Photo of a person with mercury poisoning

People vs Pollution

For about 20 years, the Japanese people, beginning with Minamata have fought against polutants. Their initial effort were met with obstacles from the companies and the government. However, through the years, they learnt to organise themselves. They demonstrated, talked at street corners, raised funds, and brought their case to court. They were finally awarded compensation. In the case of Minamata. Chisso Company (the guilty firm) is still paying out compensations. To the victims, maimed and mentally impaired for life, the compensations are scant consolation but their struggle and victory in court serve as an encouragement to other pollution victims and have succeeded in exposing the callousness and profit-mindedness of the men who own the big industries and the Japanese Government.

In South East Asia

The action of organised anti-pollution movements in Japan have forced many Japanese companies to stop operation in Japan. However, these companies do Not give up. They move to other parts of the world, especially S.E. Asia, where the people are less organised.

The March 1973 issue of AMPO reported:

"In Malaysia, Japan Agriculture Chemical, one of the largest in the industry in Japan, is operating on a joint venture. Agricultural Chemical Malaysia (ACM) in the Pulai Industrial District in the suburbs of Penang. It has recently confirmed that ACM's products include poisonous BHC insecticide, production and usage of which have already been outlawed in Japan because of strong public criticism.

The Straits Times reported on August 6, 1972 that a 16 year old girl suddenly became sick while sprinkling insecticide on a farm and later died.

On August 14, 1972. Sin Chew Jit Poh carried an article on the dispersion of Japanese "kogai" (pollution) into S.E. Asia. After referring to the Minamata Disease, the newspaper wounded the following alarm! "Environmental pollution in Japan has made its appearance side by side with her high economic growth. It is apparent that as Japanese industry rapidly invades the market of S.E. Asia, the area may be subjugated by large-scale environmental destruction. Such pollution must be stopped by all means possible. Or the damage will increase endlessly."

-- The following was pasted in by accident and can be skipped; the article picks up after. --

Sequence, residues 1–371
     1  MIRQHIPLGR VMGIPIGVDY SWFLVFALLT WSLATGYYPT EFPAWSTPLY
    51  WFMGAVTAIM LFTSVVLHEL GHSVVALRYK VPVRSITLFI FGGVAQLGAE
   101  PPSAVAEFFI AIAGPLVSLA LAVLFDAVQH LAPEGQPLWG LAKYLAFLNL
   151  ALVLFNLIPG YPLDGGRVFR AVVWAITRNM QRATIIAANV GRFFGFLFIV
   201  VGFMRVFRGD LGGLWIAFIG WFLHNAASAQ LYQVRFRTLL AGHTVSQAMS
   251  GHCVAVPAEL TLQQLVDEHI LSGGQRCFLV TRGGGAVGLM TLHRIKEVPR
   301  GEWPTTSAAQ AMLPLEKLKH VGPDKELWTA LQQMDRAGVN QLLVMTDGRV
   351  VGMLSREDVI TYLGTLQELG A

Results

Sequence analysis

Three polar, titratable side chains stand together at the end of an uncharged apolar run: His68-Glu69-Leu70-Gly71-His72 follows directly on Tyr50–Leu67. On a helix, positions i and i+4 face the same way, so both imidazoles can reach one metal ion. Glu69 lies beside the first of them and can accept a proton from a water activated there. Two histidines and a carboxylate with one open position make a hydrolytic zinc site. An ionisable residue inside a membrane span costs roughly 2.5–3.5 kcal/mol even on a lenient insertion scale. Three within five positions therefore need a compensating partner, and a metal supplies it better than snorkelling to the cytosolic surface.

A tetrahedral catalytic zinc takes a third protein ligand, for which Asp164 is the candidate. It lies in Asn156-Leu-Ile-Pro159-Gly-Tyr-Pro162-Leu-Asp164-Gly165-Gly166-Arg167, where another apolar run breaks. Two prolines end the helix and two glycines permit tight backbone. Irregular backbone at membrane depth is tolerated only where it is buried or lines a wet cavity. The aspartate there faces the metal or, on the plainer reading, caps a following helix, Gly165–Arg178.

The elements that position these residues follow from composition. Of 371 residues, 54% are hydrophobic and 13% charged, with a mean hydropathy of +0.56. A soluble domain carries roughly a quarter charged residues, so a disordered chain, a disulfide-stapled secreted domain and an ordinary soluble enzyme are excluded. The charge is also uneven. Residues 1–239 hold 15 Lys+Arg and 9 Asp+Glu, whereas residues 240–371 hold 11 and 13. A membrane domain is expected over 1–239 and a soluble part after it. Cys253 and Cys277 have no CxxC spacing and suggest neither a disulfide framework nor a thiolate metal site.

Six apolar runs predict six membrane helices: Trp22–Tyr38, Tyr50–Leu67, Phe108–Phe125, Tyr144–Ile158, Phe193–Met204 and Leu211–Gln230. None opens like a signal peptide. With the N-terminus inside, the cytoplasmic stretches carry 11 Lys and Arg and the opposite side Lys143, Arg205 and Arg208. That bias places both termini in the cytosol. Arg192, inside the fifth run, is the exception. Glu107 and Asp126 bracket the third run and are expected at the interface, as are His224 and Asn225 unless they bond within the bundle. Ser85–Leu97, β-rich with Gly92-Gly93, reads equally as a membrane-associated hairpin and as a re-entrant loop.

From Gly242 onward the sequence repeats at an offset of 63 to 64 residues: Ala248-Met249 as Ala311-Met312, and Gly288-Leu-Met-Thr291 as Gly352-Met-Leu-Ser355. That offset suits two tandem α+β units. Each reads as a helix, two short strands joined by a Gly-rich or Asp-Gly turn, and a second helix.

In Singapore, we see the recent introduction of petrochemical industry in the form of Sumitomo. Building operations have already begun and the factory is expected to start functioning in 1979.

Uni Jun, 41, assistant at the faculty of Urban Engineering at the University of Tokyo, is a spokesman and leading activist in the anti-pollution movement in Japan. In an interview with AMPO published in late 1974, he gave the following information on pollution from petrochemical complexes........

From Oil Refineries:

shipping yards or piers occasionally and sometimes continuously leak oil into the water. This discharge or waste oil from ships is not negligible.

Storage tanks: there is always some continuous lead-age or vaporization into the air. About 0.5% of the yearly through-put is lost into the air through evaporation.

Refinery plant consisting of topping tower, vacuum distillation tower, with many joints, pumps, valves etc. These are all small sources of leakage, whose total quantity of leakage is significant.

From leakages and accidents:

There is continuous leakages from the plants itself. Oil spills from ships and piers in cases of accidents is very serious. In any case almost the whole Japanese coast is now polluted by oil balls. One student spent 4 years walking around the sea-shore of Japan. He covered 95% of the Japanese coast and found oil balls everywhere. No area was left unpolluted.

From Petrochemical plants:

There are accidental discharges from storehouses or those occurring in the process of transportation as well as continuous discharge from the plant into the air and water. Accidental fires and explosions are another type of discharge which have been alarmingly frequent.

From related industries:

Related to petrochemical industries are those operating on raw materials which are by-products of the oil refining process, such as plastics, and chemical fertilisers. Many of the waste products from the manufacturing processes of these related industries are poisonous, e.g. Mercury compounds from chemical fertiliser factories (the most famous example being the Chisso Company.)

Serious Thought

The call made by Sin Chew Jit Poh back in 1972 appears to have gone unheeded. As more and more Japanese companies run away from the wrath of the Japanese people, to S.E. Asia, the health of people in this region will be more and more endangered. In the case of Sumitomo in Singapore, by 1979 this multi-national Company should gradually control about 40% of our foreign investments. Under such circumstances, it will be somewhat chancy to leave the question of pollution to the authorities, since they will be naturally, anxious to please this transnational giant. As can be seen from Japan, the protection of the people's health must be by the common people themselves.

It will be years before the effects of environmental pollution can be seen. By the time we see our next generation physically and mentally maimed and deformed, it will be too late. So, at all cost, we must speak out and stop the pollution on our environment before it destroys our people!

This article has been reprinted from the "Singapore Undergrad" Mar-Spril 1976